Use this URL to cite or link to this record in EThOS: https://ethos.bl.uk/OrderDetails.do?uin=uk.bl.ethos.736332
Title: A framework for talent management to support the 2030 knowledge-based economic vision for Qatar
Author: Al Mohannadi, F.
ISNI:       0000 0004 6500 0204
Awarding Body: University of Salford
Current Institution: University of Salford
Date of Award: 2017
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Abstract:
Over the last few years, the United Nations’ (UN) goals to achieve a sustainable world by 2030 have made a significant impact on many countries and regions; one such region has been Qatar. The national leadership of Qatar, through the strategic leadership of the ruler Sheikh Tamim bin Hamad bin Khalifa Al-Thani, embarked on an ambitious programme to transform the country’s vibrant oil and gas-centric economy to a knowledge-based economy. The leadership created the Qatar National Vision (2030), which had a focus on ensuring that local Qataris get the maximum benefit from the economy and fully participate in the process of transforming it into a knowledge-based economy (KBE). The QNV 2030 policy has many strands; however, the overarching thread has been to transform the economy through human development and sustainable productivity. In trying to operationalise the transformation of the economy, the government embarked on short-term programmes, such as the development of local infrastructure through the promotion and hosting of international events, including the Asian games and the upcoming 2022 FIFA World Cup. As a policy, therefore, the QNV 2030 has centred on ensuring that the economy creates a systematic way of attracting, identifying, developing, engaging, retaining and deploying local Qataris to work as knowledge workers within the local economy; this process could be referred to as ‘talent management’ – a sub-set of the human development vision of the QNV 2030, and of the UN at large. This research found that, from the onset, the QNV 2030 policy had no tangible, detailed plan for organisations operating in Qatar to use in order transform the economy into a knowledge-based system through talent management. The research used interpretivist and positivist research philosophies to design a mixed methodology that relied on questionnaire surveys and interviews to gather both qualitative and quantitative data from the industry and from literature in general. The research used data from 284 questionnaire survey responses, 24 interviews and interpretive structural modelling to establish the overall picture that, while industries are aware of the importance of the QNV 2030, there has been no synchronisation of organisational and national goals. In addition, the research found that local cultural tendencies tend to create toxic working environments where leadership is restricted, talent management stifled, and the wrong jobs are given to the wrong candidates. This is creating demotivation amongst those individuals who are well qualified but not socially or culturally connected. The overarching conclusion of the research has been that, while the national leadership foresees a KBE in Qatar by 2030, the strategic leaders of organisations in the economy have failed to link their organisational vision to the national vision for the country. The operationalisation of the QNV 2030 has, to a large extent, focused on maintaining short-term economic gains as opposed to the longer-term visionary gains that could accrue if managers invested heavily in human development through talent management. As such, this thesis proposes a framework through which Qatar’s local economy might be transformed into a knowledge-based system through the deployment of a matrix of knowledge workers in learning organisations. It also sets out the critical strategic steps to be undertaken by organisations in both the private and public sectors.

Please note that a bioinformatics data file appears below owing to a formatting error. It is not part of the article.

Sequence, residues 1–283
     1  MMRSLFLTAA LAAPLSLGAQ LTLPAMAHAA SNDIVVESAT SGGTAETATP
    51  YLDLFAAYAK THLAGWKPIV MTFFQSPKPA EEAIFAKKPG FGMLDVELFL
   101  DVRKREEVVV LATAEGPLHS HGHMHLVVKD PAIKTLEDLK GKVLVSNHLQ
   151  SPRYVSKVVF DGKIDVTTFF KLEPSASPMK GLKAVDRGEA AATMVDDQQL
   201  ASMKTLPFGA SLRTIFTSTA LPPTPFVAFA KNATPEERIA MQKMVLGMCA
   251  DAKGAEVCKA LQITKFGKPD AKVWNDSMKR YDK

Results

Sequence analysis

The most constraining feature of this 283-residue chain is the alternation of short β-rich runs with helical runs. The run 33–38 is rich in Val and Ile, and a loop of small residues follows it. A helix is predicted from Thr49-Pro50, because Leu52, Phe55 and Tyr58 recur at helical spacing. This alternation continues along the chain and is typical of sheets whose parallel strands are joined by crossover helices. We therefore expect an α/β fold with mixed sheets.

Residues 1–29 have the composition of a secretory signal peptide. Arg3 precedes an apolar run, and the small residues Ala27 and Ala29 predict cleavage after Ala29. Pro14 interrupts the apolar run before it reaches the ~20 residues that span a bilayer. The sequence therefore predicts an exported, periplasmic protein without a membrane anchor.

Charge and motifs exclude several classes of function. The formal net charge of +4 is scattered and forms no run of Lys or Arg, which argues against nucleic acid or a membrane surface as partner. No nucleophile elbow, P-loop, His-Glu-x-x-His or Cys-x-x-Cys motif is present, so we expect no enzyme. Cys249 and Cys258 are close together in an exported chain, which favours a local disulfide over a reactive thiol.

Supervisor: Not available Sponsor: Not available
Qualification Name: Thesis (Ph.D.) Qualification Level: Doctoral
EThOS ID: uk.bl.ethos.736332  DOI: Not available
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